Son-in-law says he did not cause Badawi’s exit

October 10th, 2008 - 1:37 pm ICT by IANS  

Kuala Lumpur, Oct 10 (IANS) Malaysian Prime Minister Abdullah Ahmad Badawi’s son-in-law says he is not to blame for the premature exit of his father-in-law. Badawai is slated to leave office next March.Instead, Khairy Jamaluddin, 32, blames the “constant and concerted demonisation” by those who accused him of interfering with the working of the government.

Jamaluddin, who is the deputy chief of UMNO Youth, the youth wing of the ruling United Malaysian National Organisation (UMNO), said this ‘demonisation’ of the entire leadership “took on a very personal tone. It was directed at a few individuals”.

“A lot of it was negative perception building. I think it was a deliberate strategy to undermine the leadership,” he said when met by reporters at the launch of the Institute for Advanced Islamic Studies.

Over the years, there have been criticism and scathing attacks against Khairy by a number of people, including former prime minister Mahathir Mohamad.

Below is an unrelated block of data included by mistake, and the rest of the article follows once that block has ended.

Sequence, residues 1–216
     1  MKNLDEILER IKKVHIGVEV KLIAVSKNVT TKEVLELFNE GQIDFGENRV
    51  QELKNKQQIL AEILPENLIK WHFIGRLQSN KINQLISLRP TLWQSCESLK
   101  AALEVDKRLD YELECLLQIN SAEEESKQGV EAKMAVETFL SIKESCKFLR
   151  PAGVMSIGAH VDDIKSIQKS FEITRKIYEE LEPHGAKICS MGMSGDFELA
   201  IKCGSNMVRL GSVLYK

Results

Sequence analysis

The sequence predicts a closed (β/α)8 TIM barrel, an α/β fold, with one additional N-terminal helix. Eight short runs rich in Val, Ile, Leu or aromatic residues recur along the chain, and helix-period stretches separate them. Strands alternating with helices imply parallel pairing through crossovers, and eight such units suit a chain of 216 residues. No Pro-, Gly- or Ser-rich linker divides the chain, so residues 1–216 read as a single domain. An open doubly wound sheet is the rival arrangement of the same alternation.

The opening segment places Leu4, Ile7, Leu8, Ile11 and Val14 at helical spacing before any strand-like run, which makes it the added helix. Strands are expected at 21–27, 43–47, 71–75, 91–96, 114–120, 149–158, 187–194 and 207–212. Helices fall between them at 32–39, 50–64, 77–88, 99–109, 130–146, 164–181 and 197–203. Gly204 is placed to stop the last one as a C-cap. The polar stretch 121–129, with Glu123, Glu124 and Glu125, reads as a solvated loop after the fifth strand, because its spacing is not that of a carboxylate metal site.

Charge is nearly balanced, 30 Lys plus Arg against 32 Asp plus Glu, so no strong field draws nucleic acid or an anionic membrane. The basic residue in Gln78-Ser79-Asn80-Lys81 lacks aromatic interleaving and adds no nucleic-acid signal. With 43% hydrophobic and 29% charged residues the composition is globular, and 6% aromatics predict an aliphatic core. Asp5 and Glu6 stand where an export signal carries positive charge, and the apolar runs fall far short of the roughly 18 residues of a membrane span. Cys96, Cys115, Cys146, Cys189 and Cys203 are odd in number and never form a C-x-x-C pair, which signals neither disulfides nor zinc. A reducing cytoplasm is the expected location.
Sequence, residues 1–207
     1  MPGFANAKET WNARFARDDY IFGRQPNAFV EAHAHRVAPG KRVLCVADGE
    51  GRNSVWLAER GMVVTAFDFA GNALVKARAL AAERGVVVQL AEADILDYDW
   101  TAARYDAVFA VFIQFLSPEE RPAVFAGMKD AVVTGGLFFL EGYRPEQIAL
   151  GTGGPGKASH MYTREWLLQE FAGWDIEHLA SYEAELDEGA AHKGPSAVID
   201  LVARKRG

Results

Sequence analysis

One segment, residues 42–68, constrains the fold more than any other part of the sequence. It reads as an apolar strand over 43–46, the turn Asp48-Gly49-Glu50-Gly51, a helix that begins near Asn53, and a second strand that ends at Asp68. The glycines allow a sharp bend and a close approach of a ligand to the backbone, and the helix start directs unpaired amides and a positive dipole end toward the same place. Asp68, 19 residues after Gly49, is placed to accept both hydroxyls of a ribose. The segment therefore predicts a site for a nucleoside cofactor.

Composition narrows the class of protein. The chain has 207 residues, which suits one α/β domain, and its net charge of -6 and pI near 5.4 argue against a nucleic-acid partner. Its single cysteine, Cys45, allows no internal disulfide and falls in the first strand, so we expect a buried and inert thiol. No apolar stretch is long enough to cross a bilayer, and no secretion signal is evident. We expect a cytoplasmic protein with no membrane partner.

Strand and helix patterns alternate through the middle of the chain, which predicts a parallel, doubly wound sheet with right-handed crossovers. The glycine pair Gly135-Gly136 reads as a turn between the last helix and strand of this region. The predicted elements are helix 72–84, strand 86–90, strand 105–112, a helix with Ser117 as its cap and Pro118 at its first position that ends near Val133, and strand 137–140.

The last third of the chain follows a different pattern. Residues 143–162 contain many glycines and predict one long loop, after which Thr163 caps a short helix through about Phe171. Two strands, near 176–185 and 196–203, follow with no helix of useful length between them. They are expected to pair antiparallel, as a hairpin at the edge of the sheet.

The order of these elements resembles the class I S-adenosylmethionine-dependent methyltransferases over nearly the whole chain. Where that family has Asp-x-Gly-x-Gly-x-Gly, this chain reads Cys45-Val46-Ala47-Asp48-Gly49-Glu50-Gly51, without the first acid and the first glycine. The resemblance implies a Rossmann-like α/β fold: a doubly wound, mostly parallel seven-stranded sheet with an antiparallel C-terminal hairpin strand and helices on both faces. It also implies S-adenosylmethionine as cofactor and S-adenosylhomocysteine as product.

They alleged that the prime minister was allowing his 32-year-old son-in-law to interfere in the running of the government, which both Badawi and Khairy have denied.

Jamaluddin is married to Badawi’s daughter from his first wife late Endon Mahmood.

The prime minister married Endon’s cousin Jean last year.

He announced Wednesday that he would step down from UMNO’s leadership, and the prime ministership, next March, naming Deputy Prime Minister Najib Raqzak as his successor.

Khairy said Abdullah’s decision to leave office in March should be recognised as “a sacrifice for party unity”, The Star newspaper said Friday.

Badawi had been under pressure since he opted for early polls in March, but the gamble did not work and his alliance lost the traditional two-thirds parliamentary majority for the first time.

“The reason we did not do well in the last election was not because of the leadership but because we did not fulfil the promises of 2004,” he said.

Khairy said UMNO should not be under any misplaced illusion that it was a leadership issue.

Khairy, who is aspiring for the youth chief post in the March party elections, said he hoped his father-in-law’s leaving office would not affect his chances in the contest.

Badawi, in an apparent response to Mahathir’s demand that he step down immediately and not wait for March, said he had no such plans.

Meanwhile, Razak formally agreed to contest the UMNO leadership Thursday, triggering a race for the deputy chief’s job.

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